In Bulletstorm players take the role of Grayson "Gray" Hunt, a double-crossed space pirate out for revenge against his former commanding officer
- Innovative skillshot system, hilarious dialogue, engaging campaign from start to finish.
- Thin story, AI quirks, multiplayer may not be for everyone
Like its innovative predecessors, Bulletstorm goes against the grain of the popular norm, often in exciting and hilarious ways, and though it's not perfect, it's still one hell of a ride.
Bulletstorm is a strange bird in the world of shooters. It chooses to violently wag its middle finger at the superserious shooter that's inundated the first-person-shooter market, offering a bit of levity among its doom-and-gloom-drenched brethren. To that end, Bulletstorm offers a hilariously over-the-top experience, complete with a potty-mouthed cast, incredibly inventive ways to dispatch foes, and a campaign that impresses with some nicely varied gameplay and thoroughly enjoyable boss battles.
Players take the role of Grayson "Gray" Hunt, a double-crossed space pirate out for revenge against his former commanding officer, General Serano. After his ship takes a devastating beating in a firefight against Serano's massive vessel, both Gray's and Serano's ships crash-land on the planet Stygia. In addition to being the home of some fierce wildlife and creatures, Stygia's humanoid inhabitants are at war, making Gray's goal of getting off the planet much more difficult. A half-cyborg named Ishi and the gun-toting badass Trishka accompany him along his way; both add a nice amount of personality to the experience.
Early on, Gray gains access to Bulletstorm's most innovative tool: the energy leash. The leash allows Gray to pull his enemies toward him through the air while simultaneously causing a sort of "bullet time" slowdown effect, giving Gray ample time to set up one of Bulletstorm's varied "skillshots." Pulling off a skillshot requires players to find creative ways to finish off enemies, whether it's shooting them in the crotch, pulling them into a spiked fence, feeding them to a carnivorous plant...the list goes on. Players can access the skillshot list at any time to see which ones they've yet to pull off, and in addition to the environmental skillshots specific to each level, each weapon has its own list. Performing skillshots grants players points they can use to upgrade weapons and buy ammo, so simply running around and carelessly shooting enemies in the face is not really an option. Besides, the skillshots are actually really fun to pull off, and since Stygia's designed like a futuristic reimagining of Macaulay Culkin's house in Home Alone, the game constantly presents players with new ways to mangle their enemies. The whole system is wonderfully executed, and the way it allows Bulletstorm to deviate from typical run-'n'-gun shooter gameplay is refreshing.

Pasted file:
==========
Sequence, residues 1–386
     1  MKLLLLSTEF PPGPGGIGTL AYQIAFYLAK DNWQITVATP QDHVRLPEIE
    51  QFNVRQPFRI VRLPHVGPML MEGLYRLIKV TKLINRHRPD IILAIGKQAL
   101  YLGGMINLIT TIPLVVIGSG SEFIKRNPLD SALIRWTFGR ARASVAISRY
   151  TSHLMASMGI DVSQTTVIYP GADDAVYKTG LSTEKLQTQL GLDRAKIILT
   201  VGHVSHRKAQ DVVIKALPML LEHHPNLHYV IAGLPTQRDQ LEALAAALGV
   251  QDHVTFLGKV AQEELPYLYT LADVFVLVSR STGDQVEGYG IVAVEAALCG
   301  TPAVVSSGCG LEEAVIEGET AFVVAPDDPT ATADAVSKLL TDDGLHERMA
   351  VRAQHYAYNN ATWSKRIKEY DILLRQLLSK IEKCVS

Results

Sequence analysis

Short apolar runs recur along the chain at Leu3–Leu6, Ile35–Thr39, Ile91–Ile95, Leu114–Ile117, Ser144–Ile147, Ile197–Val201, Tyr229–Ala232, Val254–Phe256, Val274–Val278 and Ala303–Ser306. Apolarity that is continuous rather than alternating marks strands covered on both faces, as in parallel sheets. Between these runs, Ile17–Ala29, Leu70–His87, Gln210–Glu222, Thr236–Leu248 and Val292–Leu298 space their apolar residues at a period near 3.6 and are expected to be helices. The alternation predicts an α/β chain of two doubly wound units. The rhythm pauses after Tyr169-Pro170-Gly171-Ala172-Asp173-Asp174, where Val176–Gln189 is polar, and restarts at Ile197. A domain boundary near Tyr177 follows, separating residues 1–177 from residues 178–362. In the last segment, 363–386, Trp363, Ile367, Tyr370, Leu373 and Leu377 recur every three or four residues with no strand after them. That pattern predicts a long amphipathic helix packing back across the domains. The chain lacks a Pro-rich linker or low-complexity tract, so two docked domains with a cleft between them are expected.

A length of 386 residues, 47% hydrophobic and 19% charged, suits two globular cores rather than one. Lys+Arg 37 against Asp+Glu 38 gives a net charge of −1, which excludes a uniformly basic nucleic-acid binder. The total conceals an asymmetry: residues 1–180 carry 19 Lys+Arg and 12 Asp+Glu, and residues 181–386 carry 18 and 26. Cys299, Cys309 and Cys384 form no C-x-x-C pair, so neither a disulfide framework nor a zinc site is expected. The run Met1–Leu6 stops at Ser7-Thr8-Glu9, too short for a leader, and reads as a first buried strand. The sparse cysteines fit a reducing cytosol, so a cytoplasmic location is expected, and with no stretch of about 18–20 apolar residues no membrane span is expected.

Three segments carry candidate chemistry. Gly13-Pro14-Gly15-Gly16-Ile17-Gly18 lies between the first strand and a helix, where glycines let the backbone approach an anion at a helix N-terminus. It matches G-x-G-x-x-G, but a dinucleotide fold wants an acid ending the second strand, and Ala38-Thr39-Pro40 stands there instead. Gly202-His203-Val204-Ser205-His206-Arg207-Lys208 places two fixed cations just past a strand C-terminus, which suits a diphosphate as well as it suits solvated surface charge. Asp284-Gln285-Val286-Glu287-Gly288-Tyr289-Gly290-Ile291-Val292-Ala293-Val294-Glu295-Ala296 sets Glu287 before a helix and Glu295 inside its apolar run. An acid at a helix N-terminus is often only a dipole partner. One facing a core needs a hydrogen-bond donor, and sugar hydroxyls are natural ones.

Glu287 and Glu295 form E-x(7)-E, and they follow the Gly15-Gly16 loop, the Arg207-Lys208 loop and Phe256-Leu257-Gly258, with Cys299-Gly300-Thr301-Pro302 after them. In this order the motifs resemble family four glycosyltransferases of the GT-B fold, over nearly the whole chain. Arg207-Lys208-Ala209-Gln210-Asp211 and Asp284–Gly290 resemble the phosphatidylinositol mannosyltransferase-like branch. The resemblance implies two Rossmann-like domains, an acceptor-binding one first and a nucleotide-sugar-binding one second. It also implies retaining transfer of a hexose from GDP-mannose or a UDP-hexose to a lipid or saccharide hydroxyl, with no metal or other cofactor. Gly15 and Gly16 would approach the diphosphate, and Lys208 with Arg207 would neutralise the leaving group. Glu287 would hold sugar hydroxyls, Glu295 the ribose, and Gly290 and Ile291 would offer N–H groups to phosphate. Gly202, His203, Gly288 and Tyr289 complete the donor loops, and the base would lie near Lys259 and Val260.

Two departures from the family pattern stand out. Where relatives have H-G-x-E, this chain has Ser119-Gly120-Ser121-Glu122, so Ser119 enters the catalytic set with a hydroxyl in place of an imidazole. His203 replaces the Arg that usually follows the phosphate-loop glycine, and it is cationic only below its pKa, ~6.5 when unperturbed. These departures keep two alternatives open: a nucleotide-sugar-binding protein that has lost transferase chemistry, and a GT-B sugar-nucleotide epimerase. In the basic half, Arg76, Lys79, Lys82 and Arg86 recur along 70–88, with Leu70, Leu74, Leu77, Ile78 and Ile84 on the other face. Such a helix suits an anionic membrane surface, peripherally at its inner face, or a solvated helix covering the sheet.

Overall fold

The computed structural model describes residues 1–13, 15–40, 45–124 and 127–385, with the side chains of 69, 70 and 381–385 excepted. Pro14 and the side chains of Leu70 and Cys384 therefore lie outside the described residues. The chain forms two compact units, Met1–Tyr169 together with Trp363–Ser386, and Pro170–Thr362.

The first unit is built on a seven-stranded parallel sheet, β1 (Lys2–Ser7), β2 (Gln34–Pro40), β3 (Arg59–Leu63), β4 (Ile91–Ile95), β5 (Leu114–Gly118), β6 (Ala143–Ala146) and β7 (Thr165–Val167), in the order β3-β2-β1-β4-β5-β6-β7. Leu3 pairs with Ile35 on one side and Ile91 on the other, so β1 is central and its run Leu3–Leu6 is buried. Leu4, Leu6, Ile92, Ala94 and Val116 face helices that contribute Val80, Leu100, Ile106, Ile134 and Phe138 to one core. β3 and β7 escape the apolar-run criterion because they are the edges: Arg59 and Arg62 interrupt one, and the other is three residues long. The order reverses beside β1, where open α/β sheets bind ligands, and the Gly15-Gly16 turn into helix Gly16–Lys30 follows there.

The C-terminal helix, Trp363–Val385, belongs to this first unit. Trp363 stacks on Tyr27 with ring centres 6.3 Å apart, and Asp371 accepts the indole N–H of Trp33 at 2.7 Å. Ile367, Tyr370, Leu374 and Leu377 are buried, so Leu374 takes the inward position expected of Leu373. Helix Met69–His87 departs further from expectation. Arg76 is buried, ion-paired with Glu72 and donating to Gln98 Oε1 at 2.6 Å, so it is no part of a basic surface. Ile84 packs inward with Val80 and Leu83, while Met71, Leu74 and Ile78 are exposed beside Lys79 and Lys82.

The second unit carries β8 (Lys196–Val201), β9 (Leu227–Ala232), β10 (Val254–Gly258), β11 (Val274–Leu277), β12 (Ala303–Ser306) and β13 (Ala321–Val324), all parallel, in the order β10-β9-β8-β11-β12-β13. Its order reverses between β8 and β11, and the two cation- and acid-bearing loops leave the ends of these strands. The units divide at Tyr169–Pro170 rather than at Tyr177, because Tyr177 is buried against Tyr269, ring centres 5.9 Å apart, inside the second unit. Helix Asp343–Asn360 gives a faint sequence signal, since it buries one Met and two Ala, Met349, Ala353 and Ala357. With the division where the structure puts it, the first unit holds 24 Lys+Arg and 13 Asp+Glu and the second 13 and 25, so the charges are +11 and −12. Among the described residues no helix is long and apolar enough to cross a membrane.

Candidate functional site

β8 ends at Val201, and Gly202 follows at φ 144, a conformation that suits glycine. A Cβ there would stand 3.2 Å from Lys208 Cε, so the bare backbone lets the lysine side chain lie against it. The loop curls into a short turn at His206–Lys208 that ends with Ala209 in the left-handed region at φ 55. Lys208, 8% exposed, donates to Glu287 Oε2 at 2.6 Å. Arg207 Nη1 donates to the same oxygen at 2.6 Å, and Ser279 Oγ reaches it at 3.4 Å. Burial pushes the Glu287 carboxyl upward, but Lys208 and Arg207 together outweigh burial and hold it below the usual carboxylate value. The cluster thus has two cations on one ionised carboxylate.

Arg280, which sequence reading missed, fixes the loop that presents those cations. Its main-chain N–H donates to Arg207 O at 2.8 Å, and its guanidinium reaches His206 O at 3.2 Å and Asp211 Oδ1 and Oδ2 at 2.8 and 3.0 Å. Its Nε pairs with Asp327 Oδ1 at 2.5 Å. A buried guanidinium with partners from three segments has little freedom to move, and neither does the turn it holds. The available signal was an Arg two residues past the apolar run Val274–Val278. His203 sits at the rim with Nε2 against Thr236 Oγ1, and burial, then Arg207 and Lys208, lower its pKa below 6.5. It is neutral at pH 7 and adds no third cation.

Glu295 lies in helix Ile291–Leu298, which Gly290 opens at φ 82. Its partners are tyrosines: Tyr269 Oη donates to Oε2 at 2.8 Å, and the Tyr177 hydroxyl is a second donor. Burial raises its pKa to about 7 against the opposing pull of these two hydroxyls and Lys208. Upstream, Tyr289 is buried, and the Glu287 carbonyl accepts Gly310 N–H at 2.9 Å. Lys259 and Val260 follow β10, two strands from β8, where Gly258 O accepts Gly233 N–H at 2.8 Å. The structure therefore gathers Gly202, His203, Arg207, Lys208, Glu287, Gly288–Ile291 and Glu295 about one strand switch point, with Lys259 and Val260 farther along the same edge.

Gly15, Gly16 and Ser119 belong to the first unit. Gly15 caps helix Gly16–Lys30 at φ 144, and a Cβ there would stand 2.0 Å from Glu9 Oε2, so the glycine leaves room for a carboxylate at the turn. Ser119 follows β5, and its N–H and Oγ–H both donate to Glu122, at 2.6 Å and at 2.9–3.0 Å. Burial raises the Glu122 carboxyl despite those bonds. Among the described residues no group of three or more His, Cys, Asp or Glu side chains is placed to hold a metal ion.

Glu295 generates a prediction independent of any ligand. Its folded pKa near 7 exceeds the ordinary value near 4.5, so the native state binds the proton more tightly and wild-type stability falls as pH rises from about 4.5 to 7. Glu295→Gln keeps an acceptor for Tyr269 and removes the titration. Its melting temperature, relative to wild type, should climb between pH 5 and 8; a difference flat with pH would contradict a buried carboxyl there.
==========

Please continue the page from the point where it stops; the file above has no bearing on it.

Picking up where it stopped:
In addition to utilizing the skillshot system to take out lesser foes, players encounter some highly entertaining bosses over the course of the game. A few on-rails segments pit players against gigantic abominations, like a huge rolling wheel of death and a creature that resembles the Cloverfield monster. The scale of these battles is impressive and adds some nice variety to the more skillshot-centric gameplay.